This article was written by Jo Nockels, Training and Communications Manager of TaxAssist Accountants, the UK’s largest network providing tax and accountancy advice and services specifically for small businesses.
Profit and loss accounts summarise the trading results of a business over a set period of time. Image courtesy of: Steve Woods/rgbstock.com
The profit and loss account forms part of a business’ financial statements. It summarises the trading results of a business over a period of time (typically one year). In contrast, the balance sheet is a ‘snapshot’ of the assets and liabilities of the business at a particular point in time.
So you could think of the profit and loss as a video of what has happened over the year; and the balance sheet as a still photograph.
The financial statements are very important. Key business decisions taken by the owners/managers are often based on the financial statements. Furthermore, the figures are included on documents such as tax returns and finance applications, and can affect relationships with investors, customers and suppliers.
Preparation of the profit and loss account
If you are VAT registered, your income and expenses are likely to be shown ‘net’ of VAT, i.e. any VAT charged/ incurred is not included in the profit and loss account.
Also, the profit and loss account only shows ‘revenue’ transactions that are connected with the commercial activity of the business. This means income such as grants, cash injected by the owners and bank loans received are generally not shown here, and any purchases of significant equipment, loan repayments, drawings, HM Revenue & Customs
payments etc won’t be shown either. Such items will affect the balance sheet instead.
The financial statements needn’t be 100 percent accurate, but they should be free from ‘material’ errors. There is no absolute measure of materiality, but loosely speaking, a material error is defined as an error that would affect decision making.
The trading account
The top section of the profit and loss account up to and including the gross profit, is referred to as the ‘trading account’. This is because it shows only the direct trading activities of the business.
At the top of the trading account is the sales figure – this will include all of the work invoiced, whether the invoice has been physically paid by the customer or not. It may even include work you have undertaken but not yet completed (let alone invoiced), depending on if you provide services and the particular circumstances they are provided under.
Cost of sales
Cost of sales should, as its name infers, represent the costs incurred to generate your sales. And as with sales, any invoices for goods or services you have received from your suppliers will be included, whether they have been paid or not.
You will also notice from the example below, that cost of sales includes an adjustment for stock. Any stock that you hold at the period end has not been used to generate this year’s sales. Therefore, the stock adjustment excludes the stock at the period end and includes the stock brought forward from the last period. This ensures that only the stock purchases used for the current period’s sales are reflected.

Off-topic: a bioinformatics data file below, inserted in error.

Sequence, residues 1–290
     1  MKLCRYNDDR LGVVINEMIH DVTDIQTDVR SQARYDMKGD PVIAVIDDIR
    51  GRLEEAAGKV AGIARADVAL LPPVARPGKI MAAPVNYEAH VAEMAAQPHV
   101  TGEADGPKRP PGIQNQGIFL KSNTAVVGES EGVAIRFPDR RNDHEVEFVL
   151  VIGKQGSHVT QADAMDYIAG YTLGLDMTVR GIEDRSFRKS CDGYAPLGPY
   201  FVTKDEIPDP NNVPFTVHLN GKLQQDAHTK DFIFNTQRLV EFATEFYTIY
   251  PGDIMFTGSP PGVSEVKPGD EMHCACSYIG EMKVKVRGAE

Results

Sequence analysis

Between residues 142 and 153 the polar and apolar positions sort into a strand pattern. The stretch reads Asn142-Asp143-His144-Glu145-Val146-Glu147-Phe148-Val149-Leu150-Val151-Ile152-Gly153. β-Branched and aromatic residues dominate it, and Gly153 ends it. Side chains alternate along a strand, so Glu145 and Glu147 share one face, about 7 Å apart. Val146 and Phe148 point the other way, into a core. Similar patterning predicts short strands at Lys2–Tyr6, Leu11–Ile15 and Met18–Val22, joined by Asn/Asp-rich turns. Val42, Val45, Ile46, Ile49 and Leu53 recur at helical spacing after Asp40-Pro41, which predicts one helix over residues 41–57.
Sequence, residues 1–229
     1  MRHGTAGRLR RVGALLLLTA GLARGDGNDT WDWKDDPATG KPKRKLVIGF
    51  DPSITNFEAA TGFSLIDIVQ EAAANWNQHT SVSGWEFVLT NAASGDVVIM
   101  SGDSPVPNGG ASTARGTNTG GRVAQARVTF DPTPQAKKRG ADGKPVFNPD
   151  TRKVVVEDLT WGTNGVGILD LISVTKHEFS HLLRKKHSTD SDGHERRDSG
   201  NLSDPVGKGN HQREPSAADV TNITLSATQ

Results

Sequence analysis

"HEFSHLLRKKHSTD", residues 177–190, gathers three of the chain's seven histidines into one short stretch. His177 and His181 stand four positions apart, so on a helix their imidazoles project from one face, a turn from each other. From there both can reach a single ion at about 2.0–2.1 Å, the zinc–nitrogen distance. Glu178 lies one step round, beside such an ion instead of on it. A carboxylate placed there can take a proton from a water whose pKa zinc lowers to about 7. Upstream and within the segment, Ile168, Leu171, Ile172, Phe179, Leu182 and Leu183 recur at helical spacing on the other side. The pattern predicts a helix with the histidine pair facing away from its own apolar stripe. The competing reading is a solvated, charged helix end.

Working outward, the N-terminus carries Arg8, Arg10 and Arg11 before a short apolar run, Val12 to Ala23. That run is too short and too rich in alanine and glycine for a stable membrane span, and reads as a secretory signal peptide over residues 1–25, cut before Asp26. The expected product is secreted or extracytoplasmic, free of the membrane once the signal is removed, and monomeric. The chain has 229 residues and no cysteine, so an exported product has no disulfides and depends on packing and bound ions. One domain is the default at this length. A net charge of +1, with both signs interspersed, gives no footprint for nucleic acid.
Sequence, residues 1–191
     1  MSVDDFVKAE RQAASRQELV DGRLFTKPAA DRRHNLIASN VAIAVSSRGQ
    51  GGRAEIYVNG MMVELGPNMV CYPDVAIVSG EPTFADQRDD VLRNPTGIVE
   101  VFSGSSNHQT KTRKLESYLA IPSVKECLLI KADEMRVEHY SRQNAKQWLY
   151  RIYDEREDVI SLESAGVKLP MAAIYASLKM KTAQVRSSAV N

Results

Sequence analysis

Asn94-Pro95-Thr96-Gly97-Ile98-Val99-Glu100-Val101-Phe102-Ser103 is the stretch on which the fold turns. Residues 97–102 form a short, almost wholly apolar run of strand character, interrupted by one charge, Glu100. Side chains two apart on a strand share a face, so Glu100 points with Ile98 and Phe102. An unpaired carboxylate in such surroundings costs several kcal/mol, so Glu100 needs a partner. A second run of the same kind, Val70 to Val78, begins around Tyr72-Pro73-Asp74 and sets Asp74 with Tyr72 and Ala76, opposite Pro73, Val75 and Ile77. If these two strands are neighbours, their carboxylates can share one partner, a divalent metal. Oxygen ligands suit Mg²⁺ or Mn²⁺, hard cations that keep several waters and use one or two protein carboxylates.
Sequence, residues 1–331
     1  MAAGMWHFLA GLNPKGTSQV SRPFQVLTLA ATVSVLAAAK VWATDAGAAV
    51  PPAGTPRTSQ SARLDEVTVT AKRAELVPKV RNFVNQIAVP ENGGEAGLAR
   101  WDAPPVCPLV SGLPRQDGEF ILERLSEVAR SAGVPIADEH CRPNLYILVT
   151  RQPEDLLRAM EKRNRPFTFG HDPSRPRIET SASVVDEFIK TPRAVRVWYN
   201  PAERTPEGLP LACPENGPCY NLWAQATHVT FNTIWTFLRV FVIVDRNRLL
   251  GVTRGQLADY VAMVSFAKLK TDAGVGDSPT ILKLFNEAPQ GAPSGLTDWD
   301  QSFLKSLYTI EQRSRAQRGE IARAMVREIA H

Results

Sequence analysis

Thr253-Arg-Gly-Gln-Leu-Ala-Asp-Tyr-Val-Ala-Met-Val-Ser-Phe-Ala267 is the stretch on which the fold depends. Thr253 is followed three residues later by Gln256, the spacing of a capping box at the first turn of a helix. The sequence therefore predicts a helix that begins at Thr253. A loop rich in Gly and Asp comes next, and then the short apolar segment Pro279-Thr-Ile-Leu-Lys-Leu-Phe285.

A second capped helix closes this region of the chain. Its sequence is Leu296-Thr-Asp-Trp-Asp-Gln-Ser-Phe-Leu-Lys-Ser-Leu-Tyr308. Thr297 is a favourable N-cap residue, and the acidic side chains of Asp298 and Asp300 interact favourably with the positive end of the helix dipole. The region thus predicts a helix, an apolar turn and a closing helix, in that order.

Gross profit and the gross profit margin
Gross profit is simply the difference between your sales and cost of sales.
The gross profit margin is probably one of the most important figures to the business owner and manager. It shows the sales mark-up and can therefore highlight inefficiencies and pricing issues.
Administrative expenses are the business overheads. You will note that in the example below, wages have been included under this heading. Wages can be included in cost of sales or administrative expenses, it depends on how directly attributable the wages are to the generation of sales and also, where the owners/managers want it shown. For instance, some traders like to see their gross profit margin without the impact of wages, and therefore will include wages under administrative expenses instead.
Finance charges and other income are normally shown separately from administrative expenses.
Interpreting and understanding the profit and loss account
If your business is fairly consistent, look for comparisons with previous years. If there are any deviations from the general trend, ask yourself if you are able to explain them.
Also, look for comparisons with your competitors and the industry the business operates in.
Ultimately, the profit and loss account should tell a story of what has happened during the year, so you as the business owner/manager are best placed to make sure the profit and loss account shows a true reflection of this ‘story.’
An accountant can help you to understand and interpret the figures in the profit and loss account, and can highlight the areas that may require further investigation. They will also be able to identify any ‘anomalies’ which might trigger the attention of HM Revenue & Customs, such as a large increase in the cost of repairs or a dramatic downturn in drawings.
Profit and loss account example
Jo Nockels is Training and Communications Manager at TaxAssist Accountants. The company was founded in 1995, specifically to serve the tax and accountancy needs of small businesses. Currently, TaxAssist Accountants has a network of 200 offices throughout the whole of the United Kingdom. As a network they look after 36,000 clients, and each TaxAssist accountant operates from an independent, local office and has access to specialist tax and accountancy advice and back up from our national support centre.